How to Train a Doberman Dog

Without training, Dobermans can develop frightening behavioral issues.

Without training, Dobermans can develop frightening behavioral issues.

Known for their high degree of handler loyalty, keen intelligence, goofy personality and balanced energy levels, the Doberman pinscher is one of the most-loved breeds in America. While Dobermans master new concepts quickly and are a delight to train, their owners must always consider the Dobe's guardian nature.

Lay down the ground rules the instant your pup joins your family. Your cute, squirmy, 8-pound Doberkid won't be small for very long, and it's important to teach him the family rules, guidelines and expectations from the start.

Crate-train your Doberman. While your puppy loves spending time with you, he needs a safe, secure place of his own where he can relax when you're unable to supervise him. By preventing accidents, you expedite the house-training process, and by keeping your inquisitive pooch safely contained and out of trouble, you remove the opportunity to learn unwanted behaviors such as rooting through the trash, counter-surfing or eating couches.

Introduce your pup to a variety of people, places, animals, objects and situations from an early age. Because Dobermans have been bred as guardians and protectors, nothing is more vital than ensuring your pup has a well-rounded view of the world. By properly socializing him, you help prevent aggression, timidity and fearfulness from limiting your dog's ability to enjoy his life and everything in it.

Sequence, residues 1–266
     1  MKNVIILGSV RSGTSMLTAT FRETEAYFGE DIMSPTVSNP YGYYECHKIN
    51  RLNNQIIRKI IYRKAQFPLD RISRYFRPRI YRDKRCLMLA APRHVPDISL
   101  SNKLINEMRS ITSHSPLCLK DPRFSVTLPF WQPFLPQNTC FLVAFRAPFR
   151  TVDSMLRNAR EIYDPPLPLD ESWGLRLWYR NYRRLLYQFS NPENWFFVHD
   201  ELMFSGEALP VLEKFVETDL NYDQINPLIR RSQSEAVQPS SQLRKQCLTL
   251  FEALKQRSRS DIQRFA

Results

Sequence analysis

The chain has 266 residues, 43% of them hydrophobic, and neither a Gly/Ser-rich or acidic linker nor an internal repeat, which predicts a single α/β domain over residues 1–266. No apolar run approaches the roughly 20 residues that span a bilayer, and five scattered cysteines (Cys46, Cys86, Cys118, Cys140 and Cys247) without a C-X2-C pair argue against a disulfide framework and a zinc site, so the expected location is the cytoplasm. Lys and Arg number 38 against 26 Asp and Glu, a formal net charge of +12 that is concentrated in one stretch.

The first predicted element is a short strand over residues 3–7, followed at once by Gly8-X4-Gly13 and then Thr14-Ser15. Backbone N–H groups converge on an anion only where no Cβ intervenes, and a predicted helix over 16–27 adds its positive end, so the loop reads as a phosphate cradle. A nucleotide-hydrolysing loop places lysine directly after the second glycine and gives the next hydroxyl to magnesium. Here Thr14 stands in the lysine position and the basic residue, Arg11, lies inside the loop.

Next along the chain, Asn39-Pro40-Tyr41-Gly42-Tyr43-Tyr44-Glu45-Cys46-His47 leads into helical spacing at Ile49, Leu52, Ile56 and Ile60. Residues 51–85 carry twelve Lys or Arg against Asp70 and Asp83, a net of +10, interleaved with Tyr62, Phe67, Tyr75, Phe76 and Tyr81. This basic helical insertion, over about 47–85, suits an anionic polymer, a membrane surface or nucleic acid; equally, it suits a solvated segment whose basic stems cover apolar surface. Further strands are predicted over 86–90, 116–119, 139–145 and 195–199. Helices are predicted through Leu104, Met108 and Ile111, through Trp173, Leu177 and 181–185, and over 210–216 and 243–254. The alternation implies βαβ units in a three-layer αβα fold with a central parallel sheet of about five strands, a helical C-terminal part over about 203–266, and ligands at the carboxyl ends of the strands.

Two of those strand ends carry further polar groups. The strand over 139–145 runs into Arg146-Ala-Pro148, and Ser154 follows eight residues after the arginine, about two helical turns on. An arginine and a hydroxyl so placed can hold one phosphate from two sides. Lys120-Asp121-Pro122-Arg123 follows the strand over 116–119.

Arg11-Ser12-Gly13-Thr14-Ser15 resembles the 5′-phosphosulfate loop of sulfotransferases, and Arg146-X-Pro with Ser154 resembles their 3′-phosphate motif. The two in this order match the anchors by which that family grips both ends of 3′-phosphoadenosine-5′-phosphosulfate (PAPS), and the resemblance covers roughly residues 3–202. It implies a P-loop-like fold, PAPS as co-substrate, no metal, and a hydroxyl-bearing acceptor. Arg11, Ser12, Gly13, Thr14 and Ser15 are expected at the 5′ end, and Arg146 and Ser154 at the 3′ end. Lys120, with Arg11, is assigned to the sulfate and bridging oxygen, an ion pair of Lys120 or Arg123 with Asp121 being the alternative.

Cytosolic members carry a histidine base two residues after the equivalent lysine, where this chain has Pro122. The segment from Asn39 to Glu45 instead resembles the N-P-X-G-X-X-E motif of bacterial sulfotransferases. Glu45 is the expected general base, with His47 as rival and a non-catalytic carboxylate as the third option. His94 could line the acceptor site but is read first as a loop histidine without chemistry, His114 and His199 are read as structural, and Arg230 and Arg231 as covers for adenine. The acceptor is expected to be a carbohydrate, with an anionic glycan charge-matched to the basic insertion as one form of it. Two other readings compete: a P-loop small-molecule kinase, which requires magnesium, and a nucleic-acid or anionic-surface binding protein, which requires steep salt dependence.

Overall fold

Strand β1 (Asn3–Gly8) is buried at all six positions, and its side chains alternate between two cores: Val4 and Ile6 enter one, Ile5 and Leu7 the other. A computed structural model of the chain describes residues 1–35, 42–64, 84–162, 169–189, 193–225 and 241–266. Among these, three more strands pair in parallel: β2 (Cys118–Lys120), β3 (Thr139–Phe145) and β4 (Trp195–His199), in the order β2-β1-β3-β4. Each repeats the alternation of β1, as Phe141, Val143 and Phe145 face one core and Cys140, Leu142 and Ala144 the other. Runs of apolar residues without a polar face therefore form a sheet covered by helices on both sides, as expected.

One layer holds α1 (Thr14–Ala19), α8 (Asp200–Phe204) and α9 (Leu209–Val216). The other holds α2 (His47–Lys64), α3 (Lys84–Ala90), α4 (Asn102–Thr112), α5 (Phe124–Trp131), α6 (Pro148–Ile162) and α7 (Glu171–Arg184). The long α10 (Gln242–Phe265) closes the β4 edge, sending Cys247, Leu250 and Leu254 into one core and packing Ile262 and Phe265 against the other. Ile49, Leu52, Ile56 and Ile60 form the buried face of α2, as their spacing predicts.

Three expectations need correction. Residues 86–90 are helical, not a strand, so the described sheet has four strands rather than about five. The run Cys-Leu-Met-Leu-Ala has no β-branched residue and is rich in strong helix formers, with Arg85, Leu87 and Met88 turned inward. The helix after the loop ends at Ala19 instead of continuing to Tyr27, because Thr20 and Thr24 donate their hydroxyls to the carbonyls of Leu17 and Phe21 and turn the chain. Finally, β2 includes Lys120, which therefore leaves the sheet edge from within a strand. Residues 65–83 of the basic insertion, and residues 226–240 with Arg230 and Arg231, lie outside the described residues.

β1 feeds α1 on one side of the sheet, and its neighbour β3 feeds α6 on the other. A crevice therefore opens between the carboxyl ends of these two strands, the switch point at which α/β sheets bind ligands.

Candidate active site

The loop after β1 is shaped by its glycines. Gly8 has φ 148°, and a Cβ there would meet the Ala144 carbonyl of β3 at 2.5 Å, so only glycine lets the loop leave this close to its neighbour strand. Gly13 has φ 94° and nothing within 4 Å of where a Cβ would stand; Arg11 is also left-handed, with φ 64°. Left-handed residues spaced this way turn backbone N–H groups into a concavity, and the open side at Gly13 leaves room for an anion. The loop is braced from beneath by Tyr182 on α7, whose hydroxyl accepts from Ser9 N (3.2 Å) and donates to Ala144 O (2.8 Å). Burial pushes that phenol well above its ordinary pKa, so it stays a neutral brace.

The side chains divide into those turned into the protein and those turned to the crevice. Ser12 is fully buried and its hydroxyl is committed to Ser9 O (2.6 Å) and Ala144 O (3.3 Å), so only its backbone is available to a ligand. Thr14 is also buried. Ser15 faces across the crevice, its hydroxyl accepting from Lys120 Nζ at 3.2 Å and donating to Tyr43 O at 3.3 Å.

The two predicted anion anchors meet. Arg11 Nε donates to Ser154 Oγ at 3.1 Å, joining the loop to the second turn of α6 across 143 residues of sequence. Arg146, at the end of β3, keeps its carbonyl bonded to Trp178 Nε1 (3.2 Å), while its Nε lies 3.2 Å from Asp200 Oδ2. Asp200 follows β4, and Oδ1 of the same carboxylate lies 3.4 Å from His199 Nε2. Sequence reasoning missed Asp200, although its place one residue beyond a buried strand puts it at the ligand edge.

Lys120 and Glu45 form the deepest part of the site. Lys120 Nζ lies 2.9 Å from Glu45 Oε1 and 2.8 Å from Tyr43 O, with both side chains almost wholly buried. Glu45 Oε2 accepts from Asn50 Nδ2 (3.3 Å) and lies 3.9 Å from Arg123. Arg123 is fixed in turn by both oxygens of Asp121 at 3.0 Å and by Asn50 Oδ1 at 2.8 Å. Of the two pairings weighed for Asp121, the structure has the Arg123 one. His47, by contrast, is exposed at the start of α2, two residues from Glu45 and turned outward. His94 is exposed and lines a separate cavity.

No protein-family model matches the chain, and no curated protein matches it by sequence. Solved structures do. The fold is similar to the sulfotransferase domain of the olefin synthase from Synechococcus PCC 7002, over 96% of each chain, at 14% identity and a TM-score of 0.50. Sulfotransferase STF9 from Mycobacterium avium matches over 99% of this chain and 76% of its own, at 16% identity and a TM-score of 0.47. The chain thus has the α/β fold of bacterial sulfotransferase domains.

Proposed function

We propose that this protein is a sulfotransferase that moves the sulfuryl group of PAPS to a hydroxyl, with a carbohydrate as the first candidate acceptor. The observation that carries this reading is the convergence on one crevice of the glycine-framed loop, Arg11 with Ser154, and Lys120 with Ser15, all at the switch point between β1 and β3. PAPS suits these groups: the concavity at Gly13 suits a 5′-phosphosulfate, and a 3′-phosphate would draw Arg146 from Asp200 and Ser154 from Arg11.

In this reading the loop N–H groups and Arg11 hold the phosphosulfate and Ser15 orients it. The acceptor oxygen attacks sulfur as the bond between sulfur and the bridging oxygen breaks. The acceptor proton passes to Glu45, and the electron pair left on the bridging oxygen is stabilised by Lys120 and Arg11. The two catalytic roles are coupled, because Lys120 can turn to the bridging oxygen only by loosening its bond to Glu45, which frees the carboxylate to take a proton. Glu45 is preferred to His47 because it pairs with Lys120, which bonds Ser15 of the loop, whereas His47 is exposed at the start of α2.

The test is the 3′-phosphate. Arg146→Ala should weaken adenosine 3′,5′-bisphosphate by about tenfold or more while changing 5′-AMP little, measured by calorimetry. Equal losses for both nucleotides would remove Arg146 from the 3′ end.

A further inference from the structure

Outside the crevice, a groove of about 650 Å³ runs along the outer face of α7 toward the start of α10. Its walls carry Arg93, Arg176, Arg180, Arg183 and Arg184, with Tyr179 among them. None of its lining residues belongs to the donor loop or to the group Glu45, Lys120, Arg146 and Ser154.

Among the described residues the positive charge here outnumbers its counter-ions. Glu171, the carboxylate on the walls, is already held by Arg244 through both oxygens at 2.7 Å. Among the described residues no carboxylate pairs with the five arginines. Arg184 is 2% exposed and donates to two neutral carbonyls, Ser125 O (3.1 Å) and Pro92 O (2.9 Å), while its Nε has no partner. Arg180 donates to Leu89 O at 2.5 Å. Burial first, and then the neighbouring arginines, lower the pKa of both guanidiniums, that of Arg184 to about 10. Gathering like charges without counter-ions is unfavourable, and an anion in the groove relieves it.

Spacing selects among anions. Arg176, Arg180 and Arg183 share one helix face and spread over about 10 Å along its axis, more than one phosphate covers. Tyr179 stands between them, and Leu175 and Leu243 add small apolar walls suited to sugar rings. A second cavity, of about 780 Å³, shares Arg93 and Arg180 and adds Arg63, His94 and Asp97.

Enroll your Dobe in a group class. For pups younger than 6 months of age, find a puppy kindergarten class. Puppy kindergarten provides excellent opportunities for socializing an impressionable young Doberman, while also laying the foundation for further obedience training once your pup is older. For more mature Dobermans, select a group obedience or manners course. Socialization is just as important for adolescent Dobes, but mastering basic obedience takes precedence.

Practice some aspect of training, manners or development every day. While you don't have to block out chunks of time for this, keep in mind that a few minutes here and there add up quickly. Take advantage of the time spent on hold on a phone call to practice sits and downs. While walking out to the car to bring in groceries, work on having your pal wait politely at the door.

Exercise your Dobe at every opportunity. A tired Doberman is a happy Doberman. By helping your dog get ample amounts of physical and mental stimulation, you'll prevent behavioral problems from developing due to boredom and anxiety.

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About the Author

Since 2001, Kea Grace has published in "Dog Fancy," "Clean Run," "Front and Finish" and an international Czechoslovakian agility enthusiast magazine. Grace is the head trainer for Gimme Grace Dog Training and holds her CPDT-KA and CTDI certifications. She is a member of the APDT and is a recognized CLASS instructor. She's seeking German certification from the Goethe Institut.

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